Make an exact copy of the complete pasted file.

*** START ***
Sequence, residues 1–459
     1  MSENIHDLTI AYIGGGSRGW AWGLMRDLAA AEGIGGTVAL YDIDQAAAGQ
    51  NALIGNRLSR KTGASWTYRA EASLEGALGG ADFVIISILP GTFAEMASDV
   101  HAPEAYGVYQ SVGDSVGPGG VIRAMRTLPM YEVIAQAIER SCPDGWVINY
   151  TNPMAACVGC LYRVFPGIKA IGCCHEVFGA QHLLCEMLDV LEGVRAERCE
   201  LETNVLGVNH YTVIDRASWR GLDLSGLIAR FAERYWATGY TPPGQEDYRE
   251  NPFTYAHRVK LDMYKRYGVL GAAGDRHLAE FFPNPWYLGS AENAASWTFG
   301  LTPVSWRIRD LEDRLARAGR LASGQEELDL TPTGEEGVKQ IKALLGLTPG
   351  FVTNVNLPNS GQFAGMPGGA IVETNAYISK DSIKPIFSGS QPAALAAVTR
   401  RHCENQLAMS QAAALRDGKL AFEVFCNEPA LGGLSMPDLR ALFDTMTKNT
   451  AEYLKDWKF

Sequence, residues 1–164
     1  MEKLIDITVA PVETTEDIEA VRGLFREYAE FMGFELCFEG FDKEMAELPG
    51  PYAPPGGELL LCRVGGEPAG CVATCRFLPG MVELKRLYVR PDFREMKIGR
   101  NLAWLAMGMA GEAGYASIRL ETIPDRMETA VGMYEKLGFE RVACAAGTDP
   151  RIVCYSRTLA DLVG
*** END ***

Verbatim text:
Sequence, residues 1–459
     1  MSENIHDLTI AYIGGGSRGW AWGLMRDLAA AEGIGGTVAL YDIDQAAAGQ
    51  NALIGNRLSR KTGASWTYRA EASLEGALGG ADFVIISILP GTFAEMASDV
   101  HAPEAYGVYQ SVGDSVGPGG VIRAMRTLPM YEVIAQAIER SCPDGWVINY
   151  TNPMAACVGC LYRVFPGIKA IGCCHEVFGA QHLLCEMLDV LEGVRAERCE
   201  LETNVLGVNH YTVIDRASWR GLDLSGLIAR FAERYWATGY TPPGQEDYRE
   251  NPFTYAHRVK LDMYKRYGVL GAAGDRHLAE FFPNPWYLGS AENAASWTFG
   301  LTPVSWRIRD LEDRLARAGR LASGQEELDL TPTGEEGVKQ IKALLGLTPG
   351  FVTNVNLPNS GQFAGMPGGA IVETNAYISK DSIKPIFSGS QPAALAAVTR
   401  RHCENQLAMS QAAALRDGKL AFEVFCNEPA LGGLSMPDLR ALFDTMTKNT
   451  AEYLKDWKF

Sequence, residues 1–164
     1  MEKLIDITVA PVETTEDIEA VRGLFREYAE FMGFELCFEG FDKEMAELPG
    51  PYAPPGGELL LCRVGGEPAG CVATCRFLPG MVELKRLYVR PDFREMKIGR
   101  NLAWLAMGMA GEAGYASIRL ETIPDRMETA VGMYEKLGFE RVACAAGTDP
   151  RIVCYSRTLA DLVG